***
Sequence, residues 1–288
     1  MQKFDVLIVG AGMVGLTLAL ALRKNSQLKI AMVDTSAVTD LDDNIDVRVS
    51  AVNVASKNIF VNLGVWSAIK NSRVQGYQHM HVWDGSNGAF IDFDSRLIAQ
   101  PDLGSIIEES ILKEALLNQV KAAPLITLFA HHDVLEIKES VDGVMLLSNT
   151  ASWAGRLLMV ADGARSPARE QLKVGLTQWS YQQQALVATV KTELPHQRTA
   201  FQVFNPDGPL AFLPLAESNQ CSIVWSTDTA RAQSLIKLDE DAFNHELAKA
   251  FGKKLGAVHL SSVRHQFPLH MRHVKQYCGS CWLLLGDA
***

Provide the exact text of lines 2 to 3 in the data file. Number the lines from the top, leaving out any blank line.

     1  MQKFDVLIVG AGMVGLTLAL ALRKNSQLKI AMVDTSAVTD LDDNIDVRVS
    51  AVNVASKNIF VNLGVWSAIK NSRVQGYQHM HVWDGSNGAF IDFDSRLIAQ